"It’s very exciting for me to think that maybe it's not just metalheads and prog fans that will know it's out there and give it a spin."
Today is finally the day: Perth progressive metal outfit Voyager have unveiled their new album, Fearless In Love, their first album since placing ninth at this year’s Eurovision Song Contest. And what an album it is.
As its title suggests, Voyager are optimistic and vulnerable in love. Voyager’s latest record is cinematic, throwing the band in all directions, from synth-pop to breakdowns featuring Make Them Suffer’s Sean Harmanis. As The Music’s album review stated, “Fearless In Love is eleven tracks and around 45 minutes of pure catharsis and exhilaration. It is a soaring statement of intent from a band on a mission and enjoying every single living second of it.” Right on the money.
The Music’s review also touched on something many fans might have been feeling over the last few months: why did it take until Voyager appeared on Eurovision for people to pay attention to this brilliant band?
Speaking with The Music, drummer Ashley Doodkorte says their brand of synth-pop meets metal has always made them a bit more of a niche band.
“When you think about it, we're a progressive synth-pop metal band from Perth, Western Australia... everything about that sounds very niche,” Doodkorte admits. “The big win from Eurovision was just the opportunity for people to hear and see what we can do.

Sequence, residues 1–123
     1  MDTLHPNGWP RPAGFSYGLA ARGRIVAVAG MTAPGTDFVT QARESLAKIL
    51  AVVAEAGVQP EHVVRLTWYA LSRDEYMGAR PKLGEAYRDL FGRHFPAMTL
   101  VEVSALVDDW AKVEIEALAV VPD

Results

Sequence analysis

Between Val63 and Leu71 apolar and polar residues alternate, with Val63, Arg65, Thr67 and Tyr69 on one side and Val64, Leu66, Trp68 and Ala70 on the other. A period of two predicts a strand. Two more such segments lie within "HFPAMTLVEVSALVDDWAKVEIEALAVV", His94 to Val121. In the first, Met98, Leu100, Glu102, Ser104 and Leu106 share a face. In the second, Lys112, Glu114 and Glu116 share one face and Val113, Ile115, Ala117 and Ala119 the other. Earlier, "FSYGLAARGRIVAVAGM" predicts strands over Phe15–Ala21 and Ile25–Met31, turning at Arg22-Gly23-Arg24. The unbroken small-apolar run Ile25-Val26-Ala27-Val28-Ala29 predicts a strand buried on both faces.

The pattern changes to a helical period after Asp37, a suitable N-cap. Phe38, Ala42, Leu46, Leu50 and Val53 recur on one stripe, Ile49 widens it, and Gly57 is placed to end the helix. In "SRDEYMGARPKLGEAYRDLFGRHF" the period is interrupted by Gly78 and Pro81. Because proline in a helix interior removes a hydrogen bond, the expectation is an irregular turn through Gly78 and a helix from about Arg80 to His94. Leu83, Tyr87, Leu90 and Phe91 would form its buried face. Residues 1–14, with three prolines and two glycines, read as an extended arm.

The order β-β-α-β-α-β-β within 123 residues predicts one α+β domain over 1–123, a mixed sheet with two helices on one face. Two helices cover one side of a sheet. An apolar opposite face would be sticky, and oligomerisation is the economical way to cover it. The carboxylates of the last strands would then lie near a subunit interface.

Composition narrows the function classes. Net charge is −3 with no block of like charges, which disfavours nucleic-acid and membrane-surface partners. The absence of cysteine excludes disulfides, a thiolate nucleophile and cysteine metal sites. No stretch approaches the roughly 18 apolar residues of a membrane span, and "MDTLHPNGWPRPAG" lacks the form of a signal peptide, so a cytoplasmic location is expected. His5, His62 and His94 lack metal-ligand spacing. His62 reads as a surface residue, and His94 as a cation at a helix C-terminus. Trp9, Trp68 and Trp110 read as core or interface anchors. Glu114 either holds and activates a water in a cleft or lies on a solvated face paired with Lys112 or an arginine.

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“We never really minded if people liked it or not. It was just nice to just be out there - we may have never been found by most of that audience otherwise.”
In some ways, finally releasing Fearless In Love has offered a sense of “massive catharsis” for the band.
“We've had this album under our belts for over a year now, and it's one we're really excited about and proud of,” Doodkorte shares. “To finally have it out there, especially after the massive opportunity that was Eurovision, is ridiculously exciting.
“I think it's definitely the right album for it, too - we've really flexed our songwriting chops on this one.” Indeed they have – from Submarine to Dreamer to album closer Gren (Fearless In Love), Voyager constantly push the bar higher.
For Voyager, releasing an album in the post-Eurovision landscape equals “a lot more opportunities for Fearless in Love to be heard this time around.”
Doodkorte adds, “It’s very exciting for me to think that maybe it's not just metalheads and prog fans that will know it's out there and give it a spin. I think Voyager is definitely a band that has a little something for everyone; yes, we do play heavy music, but I feel like we do it in a way that is quite evocative and intense... you don't have to necessarily be into heavy music to enjoy being moved by a good tune.
“I'm not going to lie; everyone is maybe a little exhausted as we've been going hard all year with not just the Eurovision experience but with all the other work it takes behind the scenes to get an album and multiple tours off the ground. Having Fearless in Love out there and having people finally hear it is going to be a nice little reward for all that work!”
On Fearless In Love, Doodkorte says the band “were really intent on trying to sharpen our songwriting as much as possible”. This led to Voyager scrutinising “every part, every rhythm, every change” to make each song irresistible in its own way.
In addition to Eurovision significantly lifting the band’s profile across the globe, it’s also been enhanced back home.
When Voyager returned to Australia in June, they experienced their first proper sell-out tour in their home country. “[It was] such a great feeling,” Doodkorte adds, “The crowds were incredible, everyone we met was so lovely, and it just felt like a celebration of all the work we've been doing for so long.
“We were having a great time; there were smiles and dancing all around in the crowd... that's really what I want from a Voyager show!”
Fearless In Love is out now via Season Of Mist. You can listen to the album below.